• Genetic factors as well as local conditions affect the growth of the adult plant. (MS-LS1-5)

Crosscutting Concepts:

  • Cause and Effect
    • Phenomena may have more than one cause, and some cause and effect relationships in systems can only be described using probability. (MS-LS1-4),(MS-LS1-5)

  • Scale, Proportion, and Quantity
    • Phenomena that can be observed at one scale may not be observable at another scale. (MS-LS-1)

MS-LS2 Ecosystems: Interactions, Energy, and Dynamics

Students who demonstrate an understanding can:

  • MS-LS2-1. Analyze and interpret data to provide evidence for the effects of resource availability on organisms and populations of organisms in an ecosystem.

  • MS-LS2-4. Construct an argument supported by empirical evidence that changes to physical or biological components of an ecosystem affect populations.

Science and Engineering Practices:

  • Analyzing and Interpreting Data
  • Analyzing data in 6–8 builds on K–5 experiences and progresses to extending quantitative analysis to investigations, distinguishing between correlation and causation, and basic statistical techniques of data and error analysis.
    • Analyze and interpret data to provide evidence for phenomena. (MS-LS2-1)

  • Engaging in Argument from Evidence
  • Engaging in argument from evidence in 6–8 builds on K–5 experiences and progresses to constructing a convincing argument that supports or refutes claims for either explanations or solutions about the natural and designed world(s).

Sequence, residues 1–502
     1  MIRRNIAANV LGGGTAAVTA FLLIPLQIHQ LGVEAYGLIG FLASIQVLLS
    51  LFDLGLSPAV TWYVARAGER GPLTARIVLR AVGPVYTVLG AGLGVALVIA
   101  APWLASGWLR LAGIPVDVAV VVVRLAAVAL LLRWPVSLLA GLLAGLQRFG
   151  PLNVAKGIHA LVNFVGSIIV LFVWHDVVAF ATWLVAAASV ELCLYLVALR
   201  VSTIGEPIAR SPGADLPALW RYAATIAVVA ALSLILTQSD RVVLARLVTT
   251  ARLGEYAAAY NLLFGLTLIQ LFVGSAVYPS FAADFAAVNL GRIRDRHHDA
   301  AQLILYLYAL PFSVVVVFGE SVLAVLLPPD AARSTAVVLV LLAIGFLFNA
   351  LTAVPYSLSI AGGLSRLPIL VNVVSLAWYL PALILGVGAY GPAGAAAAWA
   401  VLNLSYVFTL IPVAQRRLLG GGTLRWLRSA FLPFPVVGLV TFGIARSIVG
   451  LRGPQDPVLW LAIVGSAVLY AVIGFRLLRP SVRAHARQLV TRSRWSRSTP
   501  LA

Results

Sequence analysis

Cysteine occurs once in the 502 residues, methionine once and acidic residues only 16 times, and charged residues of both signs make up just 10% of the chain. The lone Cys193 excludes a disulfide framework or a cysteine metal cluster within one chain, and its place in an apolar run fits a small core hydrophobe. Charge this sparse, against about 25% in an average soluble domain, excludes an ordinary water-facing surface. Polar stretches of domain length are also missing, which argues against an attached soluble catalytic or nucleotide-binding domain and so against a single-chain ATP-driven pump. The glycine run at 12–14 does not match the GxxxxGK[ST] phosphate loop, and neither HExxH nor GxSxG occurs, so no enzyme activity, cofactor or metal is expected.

• Construct an oral and written argument supported by empirical evidence and scientific reasoning to support or refute an explanation or a model for a phenomenon or a solution to a problem. (MS-LS2-4)

  • Connections to Nature of Science: Scientific Knowledge is Based on Empirical Evidence
    • Science disciplines share common rules of obtaining and evaluating empirical evidence. (MS-LS2-4)

Disciplinary Core Ideas:

  • LS2.A: Interdependent Relationship in Ecosystems
    • Organisms, and populations of organisms, are dependent on their environmental interactions both with other living things and with nonliving factors. (MS-LS2-1)
    • Growth of organisms and population increases are limited by access to resources. (MS-LS2-1)